Visiting the Peranakan Museum was not a planned thing. We just happened to go by and I persuaded B to stop and see if it was open. To my delight it was and tickets cost just S$6 each. Good to know that for my relatives above 60 it’s free (only for citizens and permanent residents). For a family of 5 persons it’s just S$20. It was money well spent and I am glad that photography without flash was allowed, allowing me bring you on a pictorial tour. But even a pictorial tour is not the same as being there and experiencing it for yourself. My blurry photos definitely don’t do the beautiful museum justice, so I hope you visit and keep our heritage alive.
I will start the tour with photos of the external facade of this beautiful building.
It’s located on Armenian Road and you can park at the public lots just beside the museum. It’s coupon parking so just make sure you have sufficient coupons. I would say you could spend at least 2 hours here, if you take it slow and go through each exhibit.
It’s just across from another gorgeous colonial building. It’s the office building 36/38 Armenian and boy would I love to work there. Out of curiosity I found out that an office space here is going for S$4300 a month. I guess this is because it’s pretty far from an MRT station the closest being City Hall and Bras Basar stations, which are about 15 minutes away by foot. (this may sound ok to tourists, but we are used to our tube stations being just zero minutes away)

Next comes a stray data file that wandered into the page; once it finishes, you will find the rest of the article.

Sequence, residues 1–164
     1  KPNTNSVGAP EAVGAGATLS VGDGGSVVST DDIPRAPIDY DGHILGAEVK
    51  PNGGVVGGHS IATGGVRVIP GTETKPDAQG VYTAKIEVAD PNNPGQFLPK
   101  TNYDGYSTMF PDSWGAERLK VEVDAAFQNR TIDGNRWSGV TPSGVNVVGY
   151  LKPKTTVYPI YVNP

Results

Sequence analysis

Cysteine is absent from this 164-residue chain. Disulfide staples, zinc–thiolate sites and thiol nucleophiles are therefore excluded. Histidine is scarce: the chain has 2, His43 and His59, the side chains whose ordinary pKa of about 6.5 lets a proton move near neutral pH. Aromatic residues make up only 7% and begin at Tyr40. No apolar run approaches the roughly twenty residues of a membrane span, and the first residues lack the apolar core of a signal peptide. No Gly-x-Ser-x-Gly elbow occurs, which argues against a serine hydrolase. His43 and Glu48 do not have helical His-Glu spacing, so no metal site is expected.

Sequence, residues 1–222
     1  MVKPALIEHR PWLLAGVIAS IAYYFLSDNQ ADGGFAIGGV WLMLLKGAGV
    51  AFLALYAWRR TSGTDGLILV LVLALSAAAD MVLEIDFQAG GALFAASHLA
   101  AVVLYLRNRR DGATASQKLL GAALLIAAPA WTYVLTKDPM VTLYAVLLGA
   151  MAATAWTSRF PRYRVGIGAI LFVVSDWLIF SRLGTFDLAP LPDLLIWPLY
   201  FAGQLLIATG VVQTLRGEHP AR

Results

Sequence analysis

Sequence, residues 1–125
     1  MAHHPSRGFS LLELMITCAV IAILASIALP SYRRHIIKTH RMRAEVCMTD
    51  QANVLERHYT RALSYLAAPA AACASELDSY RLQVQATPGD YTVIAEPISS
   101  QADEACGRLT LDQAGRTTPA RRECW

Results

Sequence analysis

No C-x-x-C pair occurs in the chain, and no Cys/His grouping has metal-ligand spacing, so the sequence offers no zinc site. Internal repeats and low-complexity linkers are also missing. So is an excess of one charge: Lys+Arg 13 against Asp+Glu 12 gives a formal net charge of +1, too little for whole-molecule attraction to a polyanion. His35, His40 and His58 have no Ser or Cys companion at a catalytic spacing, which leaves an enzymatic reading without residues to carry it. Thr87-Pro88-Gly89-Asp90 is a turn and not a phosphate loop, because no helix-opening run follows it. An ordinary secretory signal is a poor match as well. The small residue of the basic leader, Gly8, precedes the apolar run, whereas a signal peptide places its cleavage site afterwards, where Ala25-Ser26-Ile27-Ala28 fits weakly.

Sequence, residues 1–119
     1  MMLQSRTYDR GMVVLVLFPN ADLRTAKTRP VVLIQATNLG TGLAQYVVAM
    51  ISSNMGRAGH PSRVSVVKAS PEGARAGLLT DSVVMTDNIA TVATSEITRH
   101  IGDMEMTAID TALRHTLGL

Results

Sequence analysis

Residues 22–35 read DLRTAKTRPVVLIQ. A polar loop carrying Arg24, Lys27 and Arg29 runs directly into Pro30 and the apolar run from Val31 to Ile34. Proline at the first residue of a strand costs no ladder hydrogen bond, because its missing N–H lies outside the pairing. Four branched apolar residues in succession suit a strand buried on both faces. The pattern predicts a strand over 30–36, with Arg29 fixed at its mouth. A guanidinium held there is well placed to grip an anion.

Anyway I digress. My point was you can’t miss the museum with the huge blue banners advertising the Sarong Kebaya exhibit that is on from 1 April 2011 – 26 February 2012. I guess this exhibit would be a lot more interesting to foreigners who have never laid eyes on this elegant attire.
I was so enamoured by the architectural details I couldn’t resist snapping away. The architectural details of the building alone are enough to justify the ticket price. I can’t rave enough because I am always thrilled to spend a day away from the malls, learning something new.
The building was actually an old school – Tao Nan.
What captivated me instantly were the 2 sculptures. One of the little girl tugging at her grandpa’s hand and the kitty cat.
The toddler looks so life-like and this is just so delightful.
Cat lovers will adore this kitty in memory of the real life kitty that made the museum her home.
She welcomes you at the gorgeous entryway of the museum. I just adore the use of soothing pastel shades which I saw throughout the museum.
Here are more architectural elements I took in. The old iron wrought gate that was so much part of 60’s Singapore.
The sign in our 4 official languages including French and Japanese. It’s quite a thrill that many of the exhibits in the museum are on display in Paris as I write this.
The opening hours.